Manny Pacquiao, from the Philippines, left, covers up as Timothy Bradley, from Palm Springs, Calif., throws a punch in the first round of their WBO world welterweight title fight.
Timothy Bradley promised to shock, though the biggest shock in his fight with Manny Pacquiao came from the judges' scorecards.
In a fight Pacquiao seemed to have in hand, two judges decided otherwise, giving Bradley a split decision Saturday night and ending the Filipino fighter's remarkable seven-year unbeaten run.
Promoter Bob Arum fumed, the crowd at the MGM Grand arena booed, and Pacquiao seemed stunned when the decision was announced. Arum said there would be a November rematch, though he blasted the way the decision went down.
"I'm going to make a lot of money on the rematch, but this was outrageous," Arum said.
Bradley came on strong in the later rounds, winning five of the last six rounds on two scorecards and four on the third. He won 115-113 on two scorecards, while losing on the third by the same margin. The Associated Press had Pacquiao winning 117-111.
"I did my best," Pacquiao said. "I guess my best wasn't good enough."
Pacquiao tried to turn the fight into a brawl, using his power to hurt Bradley in the early rounds. But Bradley changed tactics in the middle rounds and used his boxing skills to win enough rounds to take the narrow decision for the welterweight title.
"I thought I won the fight," Bradley said. "I didn't think he was as good as everyone says he was. I didn't feel his power."
Ringside punching statistics showed Pacquiao landing 253 punches to 159 for Bradley, who vowed before the fight to take the 147-pound title from Pacquiao. The Compubox statistics showed Pacquiao landing more punches in 10 of the 12 rounds.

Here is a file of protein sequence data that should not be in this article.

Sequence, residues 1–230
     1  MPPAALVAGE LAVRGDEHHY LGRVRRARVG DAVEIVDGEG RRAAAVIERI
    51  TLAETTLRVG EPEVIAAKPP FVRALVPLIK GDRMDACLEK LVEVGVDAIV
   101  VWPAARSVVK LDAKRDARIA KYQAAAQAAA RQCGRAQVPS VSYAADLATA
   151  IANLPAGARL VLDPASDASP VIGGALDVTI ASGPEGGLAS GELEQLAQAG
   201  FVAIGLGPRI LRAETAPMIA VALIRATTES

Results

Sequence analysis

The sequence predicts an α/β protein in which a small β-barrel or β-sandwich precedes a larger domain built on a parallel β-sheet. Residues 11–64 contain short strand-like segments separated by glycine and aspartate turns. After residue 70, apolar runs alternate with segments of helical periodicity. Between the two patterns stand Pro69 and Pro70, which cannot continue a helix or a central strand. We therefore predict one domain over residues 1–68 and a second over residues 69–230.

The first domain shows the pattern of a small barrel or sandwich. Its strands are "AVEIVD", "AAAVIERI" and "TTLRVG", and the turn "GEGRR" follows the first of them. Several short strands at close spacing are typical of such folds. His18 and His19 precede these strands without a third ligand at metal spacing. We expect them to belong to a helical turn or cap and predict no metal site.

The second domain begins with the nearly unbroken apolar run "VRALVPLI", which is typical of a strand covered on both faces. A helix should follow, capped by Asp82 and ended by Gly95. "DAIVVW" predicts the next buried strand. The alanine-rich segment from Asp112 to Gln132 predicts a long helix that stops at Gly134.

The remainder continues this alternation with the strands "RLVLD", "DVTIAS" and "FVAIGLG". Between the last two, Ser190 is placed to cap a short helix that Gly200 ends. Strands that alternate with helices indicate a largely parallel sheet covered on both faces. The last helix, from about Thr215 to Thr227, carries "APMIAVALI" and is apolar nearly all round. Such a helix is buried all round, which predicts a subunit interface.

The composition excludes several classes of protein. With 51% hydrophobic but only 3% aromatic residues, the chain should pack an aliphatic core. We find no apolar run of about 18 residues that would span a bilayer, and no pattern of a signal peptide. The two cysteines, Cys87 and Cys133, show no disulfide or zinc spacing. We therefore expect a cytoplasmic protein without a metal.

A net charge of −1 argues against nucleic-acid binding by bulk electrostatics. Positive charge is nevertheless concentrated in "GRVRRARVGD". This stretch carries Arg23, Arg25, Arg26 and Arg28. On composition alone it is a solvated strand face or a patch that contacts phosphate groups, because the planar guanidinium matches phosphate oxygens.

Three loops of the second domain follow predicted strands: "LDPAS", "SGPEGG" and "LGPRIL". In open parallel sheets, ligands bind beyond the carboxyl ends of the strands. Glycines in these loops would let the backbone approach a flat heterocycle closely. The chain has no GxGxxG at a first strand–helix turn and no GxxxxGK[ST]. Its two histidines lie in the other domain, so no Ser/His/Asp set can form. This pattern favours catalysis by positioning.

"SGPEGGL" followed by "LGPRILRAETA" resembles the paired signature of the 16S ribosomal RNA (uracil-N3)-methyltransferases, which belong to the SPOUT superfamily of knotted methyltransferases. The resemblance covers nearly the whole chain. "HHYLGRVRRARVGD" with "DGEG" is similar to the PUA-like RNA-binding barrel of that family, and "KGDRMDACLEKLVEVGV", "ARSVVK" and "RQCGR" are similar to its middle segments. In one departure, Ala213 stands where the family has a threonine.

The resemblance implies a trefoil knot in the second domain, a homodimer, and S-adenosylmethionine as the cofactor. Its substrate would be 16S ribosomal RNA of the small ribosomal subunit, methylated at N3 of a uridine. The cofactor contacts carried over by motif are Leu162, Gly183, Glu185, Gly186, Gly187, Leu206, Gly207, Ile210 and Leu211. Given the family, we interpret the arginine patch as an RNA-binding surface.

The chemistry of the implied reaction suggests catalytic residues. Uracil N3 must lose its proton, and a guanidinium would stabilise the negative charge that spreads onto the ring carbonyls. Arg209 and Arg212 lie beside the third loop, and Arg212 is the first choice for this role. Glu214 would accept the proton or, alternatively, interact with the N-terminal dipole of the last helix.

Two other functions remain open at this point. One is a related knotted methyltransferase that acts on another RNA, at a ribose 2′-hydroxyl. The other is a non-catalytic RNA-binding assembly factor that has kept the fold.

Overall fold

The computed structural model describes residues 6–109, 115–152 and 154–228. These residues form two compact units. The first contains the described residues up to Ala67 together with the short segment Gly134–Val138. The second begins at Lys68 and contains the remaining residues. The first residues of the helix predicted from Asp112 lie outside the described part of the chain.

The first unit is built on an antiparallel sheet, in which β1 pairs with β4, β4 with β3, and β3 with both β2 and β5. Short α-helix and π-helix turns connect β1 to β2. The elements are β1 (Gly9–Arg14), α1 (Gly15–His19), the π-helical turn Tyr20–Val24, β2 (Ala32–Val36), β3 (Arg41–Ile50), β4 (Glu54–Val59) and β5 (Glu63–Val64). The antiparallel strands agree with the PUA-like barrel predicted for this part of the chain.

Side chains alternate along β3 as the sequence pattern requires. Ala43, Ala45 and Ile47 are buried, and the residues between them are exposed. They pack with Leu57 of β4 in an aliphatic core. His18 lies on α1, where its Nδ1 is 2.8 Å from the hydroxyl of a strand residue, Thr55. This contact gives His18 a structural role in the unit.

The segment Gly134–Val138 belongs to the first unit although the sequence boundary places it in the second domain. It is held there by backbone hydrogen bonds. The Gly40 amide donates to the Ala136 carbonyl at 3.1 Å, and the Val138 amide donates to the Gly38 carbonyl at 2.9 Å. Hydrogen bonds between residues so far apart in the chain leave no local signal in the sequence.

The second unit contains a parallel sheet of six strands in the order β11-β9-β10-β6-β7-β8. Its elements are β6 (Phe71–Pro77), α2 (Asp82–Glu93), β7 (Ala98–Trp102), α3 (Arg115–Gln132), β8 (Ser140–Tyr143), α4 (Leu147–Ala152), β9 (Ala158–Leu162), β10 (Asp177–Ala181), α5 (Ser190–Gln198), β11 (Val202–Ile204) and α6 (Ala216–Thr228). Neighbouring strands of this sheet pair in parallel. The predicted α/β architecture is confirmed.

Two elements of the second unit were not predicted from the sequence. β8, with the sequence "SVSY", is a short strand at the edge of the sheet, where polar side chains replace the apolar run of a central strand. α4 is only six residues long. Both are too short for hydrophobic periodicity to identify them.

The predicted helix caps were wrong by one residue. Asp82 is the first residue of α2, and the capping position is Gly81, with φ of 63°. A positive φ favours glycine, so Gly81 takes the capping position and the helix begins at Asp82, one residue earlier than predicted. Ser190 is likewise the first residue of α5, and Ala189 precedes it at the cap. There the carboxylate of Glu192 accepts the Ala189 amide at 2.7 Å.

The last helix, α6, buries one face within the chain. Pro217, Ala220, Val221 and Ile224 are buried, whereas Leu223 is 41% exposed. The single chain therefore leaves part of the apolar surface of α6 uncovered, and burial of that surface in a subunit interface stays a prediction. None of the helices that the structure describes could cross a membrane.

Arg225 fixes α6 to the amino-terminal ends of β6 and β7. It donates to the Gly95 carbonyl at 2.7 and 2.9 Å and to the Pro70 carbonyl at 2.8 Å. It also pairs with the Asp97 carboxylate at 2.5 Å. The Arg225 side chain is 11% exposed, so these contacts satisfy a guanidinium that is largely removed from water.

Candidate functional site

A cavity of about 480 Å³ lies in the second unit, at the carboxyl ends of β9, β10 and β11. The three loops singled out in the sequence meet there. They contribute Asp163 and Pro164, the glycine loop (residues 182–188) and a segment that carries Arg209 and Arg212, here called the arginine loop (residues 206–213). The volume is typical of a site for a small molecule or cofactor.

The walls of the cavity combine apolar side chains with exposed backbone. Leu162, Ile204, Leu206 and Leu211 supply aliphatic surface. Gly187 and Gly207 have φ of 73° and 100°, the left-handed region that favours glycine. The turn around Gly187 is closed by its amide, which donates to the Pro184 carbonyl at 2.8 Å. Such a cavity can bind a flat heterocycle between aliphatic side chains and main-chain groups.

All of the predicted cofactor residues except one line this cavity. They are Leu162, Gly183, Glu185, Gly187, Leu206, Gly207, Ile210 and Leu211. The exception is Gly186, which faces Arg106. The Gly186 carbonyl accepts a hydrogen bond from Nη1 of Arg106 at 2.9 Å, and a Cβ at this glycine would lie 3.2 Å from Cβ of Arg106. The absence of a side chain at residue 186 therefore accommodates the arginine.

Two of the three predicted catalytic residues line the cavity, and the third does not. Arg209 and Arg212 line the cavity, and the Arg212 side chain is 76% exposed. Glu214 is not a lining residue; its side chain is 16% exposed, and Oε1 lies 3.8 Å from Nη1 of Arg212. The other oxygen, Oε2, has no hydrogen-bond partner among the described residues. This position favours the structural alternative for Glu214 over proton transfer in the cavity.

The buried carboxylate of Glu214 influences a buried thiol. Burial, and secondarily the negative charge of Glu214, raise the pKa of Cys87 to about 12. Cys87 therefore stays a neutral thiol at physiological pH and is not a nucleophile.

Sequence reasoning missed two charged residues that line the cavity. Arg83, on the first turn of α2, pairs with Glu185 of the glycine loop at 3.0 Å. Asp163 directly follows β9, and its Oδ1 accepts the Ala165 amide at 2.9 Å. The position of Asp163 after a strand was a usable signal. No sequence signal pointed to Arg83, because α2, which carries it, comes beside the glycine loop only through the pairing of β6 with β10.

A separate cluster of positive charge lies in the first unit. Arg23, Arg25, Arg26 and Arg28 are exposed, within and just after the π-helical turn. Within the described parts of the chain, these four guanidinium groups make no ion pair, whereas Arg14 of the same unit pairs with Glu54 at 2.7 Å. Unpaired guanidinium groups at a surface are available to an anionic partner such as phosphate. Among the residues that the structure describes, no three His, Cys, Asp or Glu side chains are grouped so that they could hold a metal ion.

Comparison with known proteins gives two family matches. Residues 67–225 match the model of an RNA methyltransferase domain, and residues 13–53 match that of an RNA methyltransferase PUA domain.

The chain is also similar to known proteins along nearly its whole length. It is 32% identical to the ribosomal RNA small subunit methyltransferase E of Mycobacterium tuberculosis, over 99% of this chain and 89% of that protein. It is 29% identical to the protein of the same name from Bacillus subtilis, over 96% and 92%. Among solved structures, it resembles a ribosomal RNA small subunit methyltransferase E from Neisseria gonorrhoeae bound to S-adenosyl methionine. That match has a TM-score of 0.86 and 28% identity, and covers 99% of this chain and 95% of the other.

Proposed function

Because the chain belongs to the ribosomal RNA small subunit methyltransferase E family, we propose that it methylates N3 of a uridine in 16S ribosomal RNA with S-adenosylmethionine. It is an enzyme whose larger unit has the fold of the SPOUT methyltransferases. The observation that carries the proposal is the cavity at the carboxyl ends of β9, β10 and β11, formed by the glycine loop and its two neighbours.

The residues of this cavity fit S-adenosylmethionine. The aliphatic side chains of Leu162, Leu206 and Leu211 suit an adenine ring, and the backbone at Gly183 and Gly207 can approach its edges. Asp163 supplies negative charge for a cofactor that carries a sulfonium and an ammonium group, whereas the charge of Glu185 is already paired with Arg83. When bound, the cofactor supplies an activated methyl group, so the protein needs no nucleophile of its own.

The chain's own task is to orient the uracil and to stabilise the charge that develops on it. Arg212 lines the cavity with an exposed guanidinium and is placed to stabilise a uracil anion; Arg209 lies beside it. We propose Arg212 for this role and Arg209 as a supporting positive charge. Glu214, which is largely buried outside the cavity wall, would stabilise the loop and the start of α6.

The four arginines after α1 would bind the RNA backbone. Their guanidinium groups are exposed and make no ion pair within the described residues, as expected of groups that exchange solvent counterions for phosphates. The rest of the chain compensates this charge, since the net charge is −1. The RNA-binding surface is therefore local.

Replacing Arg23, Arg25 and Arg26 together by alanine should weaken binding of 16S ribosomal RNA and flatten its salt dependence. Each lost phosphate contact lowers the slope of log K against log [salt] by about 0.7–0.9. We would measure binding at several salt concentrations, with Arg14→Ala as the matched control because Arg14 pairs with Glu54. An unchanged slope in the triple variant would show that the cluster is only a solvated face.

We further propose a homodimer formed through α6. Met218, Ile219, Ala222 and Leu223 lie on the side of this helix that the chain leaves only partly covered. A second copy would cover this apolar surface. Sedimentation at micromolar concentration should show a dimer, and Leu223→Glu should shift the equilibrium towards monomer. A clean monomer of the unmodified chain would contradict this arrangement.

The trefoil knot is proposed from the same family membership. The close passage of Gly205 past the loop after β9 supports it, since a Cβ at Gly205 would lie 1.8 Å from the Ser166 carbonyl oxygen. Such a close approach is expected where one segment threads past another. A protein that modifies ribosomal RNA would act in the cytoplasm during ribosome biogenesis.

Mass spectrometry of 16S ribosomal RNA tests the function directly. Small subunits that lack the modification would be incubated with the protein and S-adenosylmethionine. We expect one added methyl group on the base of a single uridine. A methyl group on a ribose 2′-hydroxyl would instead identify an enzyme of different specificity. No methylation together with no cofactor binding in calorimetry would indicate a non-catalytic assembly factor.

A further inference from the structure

Bradley was so confident that he had oversized tickets printed up for a Nov. 10 rematch that will now likely happen.
Bradley seemed hurt in the fourth and fifth rounds, but Pacquiao had trouble landing big punches after that. Still, he seemed in control of the fight everywhere but on the judge's scorecards.
"Can you believe that? Unbelievable," Arum said. "I went over to Bradley before the decision and he said, 'I tried hard but I couldn't beat the guy.'"
Bradley said he hurt his ankle in the second round, and that trainer Joel Diaz said he could either quit or try to take the fight to Pacquiao.
"I got my second wind in the sixth round," Bradley said. "I worked the angles, sticking and moving."
Pacquiao said he studied Bradley on tape before the fight and wasn't surprised by anything he did. He said he thought he was in control of the fight and was shocked when the decision went against him.
"He never hurt me with his punches, most of them landed on my arms," Pacquiao said.
Pacquiao, who had won 15 straight fights on his way to becoming a boxing superstar, tried to brawl with Bradley and seemed to hurt him in both the fourth and fifth rounds. But Bradley started moving and counter punching, though he never seemed to land any shots that hurt Pacquiao.
Pacquiao had vowed to look impressive against Bradley after struggling in his last outing with Juan Manuel Marquez. And he did early, landing good long left hands while beating Bradley to the punch on most exchanges.
"He hurt me a couple of times with his left," Bradley said. "He's a beast."
Trainer Freddie Roach told Pacquiao after the 10th round that he had control of the fight, and urged him to fight hard the final two rounds.
"You have six minutes to go, son," Roach said. "It's your fight."
But it wasn't Pacquiao's fight, with Bradley getting credit for winning some of the close middle and later rounds. After the 11th round Bradley went back to his corner and trainer Joel Diaz told him he needed to win the final round.
"I listened to my corner," Bradley said. "I got to give him a rematch now."
It was the biggest fight of Bradley's career and it came with a minimum $5 million payday. The rematch will be even richer, though Pacquiao's loss could damage any plans for a fight with currently jailed Floyd Mayweather Jr.